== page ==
I keep hoping for some miracle to happen, as I think about my future self with a child and think-

“yes, that’s when I’ll truly be happy.”

I said that to Chris last week. My amazing husband, who is not a yogi, said-

“You need to find happiness in each day in that present moment. That is true happiness.”

or something like that.

Yes, he’s right. I can’t keep looking towards my future, when I assume things will all be better. Things will keep happening, good and bad. I know that. I should know that. It’s the basis of yoga- being present. Here I teach this each and every day to hundreds of  kids and somehow I can’t realize this for myself. I know it, but am not practicing it.

I laugh at least once a day, sometimes more. I do find joy in simple things- in lovely things. Flowers, butterflies, a song I can sing out loud to in my car, a great story on This American Life, chumby snuggling with me every single morning, my hilarious and patient husband, farmer’s market fare, bean & leaf coffee, my yoga kids (most of the time).  That’s a short list.  Obviously there is so much more- family, friends, Phish festivals (of which we are going to this coming weekend and I am so excited I can barely contain myself!). I can probably list at least a hundred other things that bring me joy.  Seeing all my bestest friends from out west and getting real life hugs and love will bring me more joy and happiness then I have experienced in a really really long time.  This coming 5 day respite from the daily grind that we have come to accept is a much needed mental health vacation.

The other day I had a slight meltdown. It was a regress, which I know happens sometimes. All the blame and guilt came back full force over our decision to homebirth Silas. A conversation that Chris & I had the other night and this amazing post by sweet/salty kate had me up in arms. Neither were intended to cause this. But both filled me with self-doubt and fear. Most of the blogs I read these days, of women who had stillborn babies, all believe they were truly to blame. It’s frightening how many of us are so conflicted with what is really just a tragedy that happened. For some of us, we could have made other choices, but for all of us, the intention to birth our babies in the safest, healthiest way was always the main focus. It was always what we wanted for our babies. So why the blame and guilt? I guess everything in life that goes wrong needs to be put on someone or something.  Perhaps a scapegoat makes us feel better.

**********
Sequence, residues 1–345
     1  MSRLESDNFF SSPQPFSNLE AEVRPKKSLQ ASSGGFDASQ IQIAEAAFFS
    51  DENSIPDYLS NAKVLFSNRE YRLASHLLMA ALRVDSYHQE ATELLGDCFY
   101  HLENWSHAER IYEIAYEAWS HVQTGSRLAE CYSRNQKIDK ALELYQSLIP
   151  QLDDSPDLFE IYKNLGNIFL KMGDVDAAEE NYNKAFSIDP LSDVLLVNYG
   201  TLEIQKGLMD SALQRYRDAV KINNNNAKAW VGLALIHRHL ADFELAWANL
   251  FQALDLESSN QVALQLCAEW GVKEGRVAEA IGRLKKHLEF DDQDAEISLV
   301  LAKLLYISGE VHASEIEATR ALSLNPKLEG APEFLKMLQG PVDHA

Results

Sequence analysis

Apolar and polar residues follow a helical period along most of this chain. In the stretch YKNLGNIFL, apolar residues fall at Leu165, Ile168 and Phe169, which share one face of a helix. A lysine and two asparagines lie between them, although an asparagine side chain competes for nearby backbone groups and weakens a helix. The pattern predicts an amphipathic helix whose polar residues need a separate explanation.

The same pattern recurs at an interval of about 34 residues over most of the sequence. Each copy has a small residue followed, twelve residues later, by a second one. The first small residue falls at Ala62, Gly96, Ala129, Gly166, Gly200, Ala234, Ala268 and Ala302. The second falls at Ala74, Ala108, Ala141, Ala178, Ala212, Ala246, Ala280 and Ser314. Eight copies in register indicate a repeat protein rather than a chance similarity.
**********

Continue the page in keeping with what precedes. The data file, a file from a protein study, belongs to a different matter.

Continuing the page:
Another part of it that I am tormented by is all those out there who blame us for the loss of our baby. It is almost too much for me to handle sometimes. But most of the time I then think – who cares about them, the blame I have for myself, that is what is most important and what needs to be dealt with.

Over this year, I have made it a point to share my view that homebirth is what we believed to be the safest and most beautiful way of bringing our son into the universe. For us,  it was not. I am on the fence about homebirth now. For some it is magical, for others, like us, it is tragic. But the same goes for hospital births. All of it is scary and we’ll never ever know what could or would have been.

As humans, we are programmed to think about how we could have changed something in our past or how we want our future to go. I am stuck in that instead of realizing all the beauty that is in my reach every single moment. Even my day in bed when I was sick, was needed and necessary and eventually brought me some happiness.

I hate that I’ve gone backwards- I’m tormented by my past and by my future. I can’t change what is or what hasn’t happened yet. All I have is now and I need to work hard to find those little pieces of joy and happiness in each and every moment. And right now, that would be packing for my vacation!

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